The state is already feeling the effects of global warming, and they are just going to get worse if the U.S. isn’t part of the effort to address it.
Portland Press Herald editorial
Man’s use of fossil fuels is warming the planet, and the warming is happening faster in the Gulf of Maine than in almost any other spot.
We have already seen the results with the disappearance of the shrimp fishery and the failure of cod stocks to rebound, despite years of strict conservation measures.
Lobstermen are praying that the shell diseases that have wiped out their competition in the warmer waters of Long Island Sound don’t make their way up the coast. Far from shore, milder winters have caused tick populations to explode, devastating the moose population.
And cities and towns are grappling with the planning implications of sea level rise that could reach 4 feet by the end of the century.
So when President Trump says that he’s putting America first by withdrawing from the Paris climate accord, we’re not buying it.
He’s certainly not putting Maine first, because the people here are already dealing with the impacts of climate change and are going to be among the first to suffer the consequences when his failure to grasp the nature of this issue has calamitous results.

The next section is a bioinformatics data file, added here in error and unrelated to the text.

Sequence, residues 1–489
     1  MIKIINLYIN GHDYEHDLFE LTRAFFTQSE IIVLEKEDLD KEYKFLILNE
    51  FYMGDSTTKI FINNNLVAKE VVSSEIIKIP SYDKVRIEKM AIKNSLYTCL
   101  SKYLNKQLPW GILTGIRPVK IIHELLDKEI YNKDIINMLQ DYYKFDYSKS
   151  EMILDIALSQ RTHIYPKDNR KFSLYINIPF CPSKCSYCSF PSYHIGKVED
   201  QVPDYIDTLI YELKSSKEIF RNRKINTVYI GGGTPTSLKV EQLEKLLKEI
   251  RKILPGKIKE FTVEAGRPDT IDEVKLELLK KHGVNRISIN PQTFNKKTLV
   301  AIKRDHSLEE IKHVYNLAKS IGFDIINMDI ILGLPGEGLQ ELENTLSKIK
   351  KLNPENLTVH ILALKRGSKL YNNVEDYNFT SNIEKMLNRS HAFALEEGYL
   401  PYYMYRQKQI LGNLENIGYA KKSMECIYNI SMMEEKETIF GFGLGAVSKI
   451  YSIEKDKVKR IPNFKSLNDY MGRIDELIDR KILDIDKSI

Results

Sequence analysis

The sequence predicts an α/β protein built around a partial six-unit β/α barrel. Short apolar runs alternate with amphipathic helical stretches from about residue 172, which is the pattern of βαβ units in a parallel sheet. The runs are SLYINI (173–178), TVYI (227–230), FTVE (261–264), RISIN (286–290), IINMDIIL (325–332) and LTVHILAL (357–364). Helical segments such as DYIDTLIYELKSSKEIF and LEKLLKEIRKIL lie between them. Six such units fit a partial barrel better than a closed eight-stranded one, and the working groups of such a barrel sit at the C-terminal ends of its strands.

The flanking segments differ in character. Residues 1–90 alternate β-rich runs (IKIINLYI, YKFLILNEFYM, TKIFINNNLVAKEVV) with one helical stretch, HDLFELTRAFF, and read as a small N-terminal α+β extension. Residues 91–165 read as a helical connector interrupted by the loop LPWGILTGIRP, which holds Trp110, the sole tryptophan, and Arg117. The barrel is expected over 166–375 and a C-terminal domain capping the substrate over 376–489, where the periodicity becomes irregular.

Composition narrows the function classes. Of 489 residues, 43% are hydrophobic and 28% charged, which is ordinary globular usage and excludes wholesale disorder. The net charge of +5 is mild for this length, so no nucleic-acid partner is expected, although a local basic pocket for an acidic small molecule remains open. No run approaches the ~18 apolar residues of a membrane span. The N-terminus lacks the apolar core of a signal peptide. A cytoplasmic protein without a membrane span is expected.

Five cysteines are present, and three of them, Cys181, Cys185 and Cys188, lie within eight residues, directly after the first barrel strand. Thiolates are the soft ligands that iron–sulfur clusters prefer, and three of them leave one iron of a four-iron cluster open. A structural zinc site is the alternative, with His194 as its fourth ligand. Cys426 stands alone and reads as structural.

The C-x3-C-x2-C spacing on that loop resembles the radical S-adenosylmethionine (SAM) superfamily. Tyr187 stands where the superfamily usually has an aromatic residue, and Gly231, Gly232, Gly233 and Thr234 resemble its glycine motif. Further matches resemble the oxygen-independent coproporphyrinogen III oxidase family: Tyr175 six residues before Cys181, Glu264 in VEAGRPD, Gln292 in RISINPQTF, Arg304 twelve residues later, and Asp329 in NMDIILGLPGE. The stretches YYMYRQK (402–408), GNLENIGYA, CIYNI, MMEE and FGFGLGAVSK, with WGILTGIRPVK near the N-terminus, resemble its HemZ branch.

There are no coal mines in Maine, but even if there were, Maine people have a lot more to gain from a thriving renewable energy industry, where private businesses develop efficient and clean technologies, than they would from the survival of the Rust Belt coal plants that Trump wants to prop up.
A healthy Maine depends on a healthy natural environment to support core industries such as fishing, forestry and tourism. Maine cannot be better off in a world where the United States eschews its leadership role in protecting the environment, giving developing nations license to do the same.
And that’s why it is foolish for Trump to try to go it alone on climate change. It’s not just tailpipe emissions on the Maine Turnpike that are heating up the Gulf of Maine – it’s power plants in China and factories in India. Blunting the trend requires a global effort, and without America, it will not succeed. We have too much at stake to stay out of it.
There is no way to put “Pittsburgh before Paris” when it comes to global warming, as the president promised Thursday. There is only one planet, and its health demands that we put all reasonable effort into reducing greenhouse gas emissions and slowing global warming.
Climate change is not in Maine’s future – it’s happening right now. We don’t have time to wait.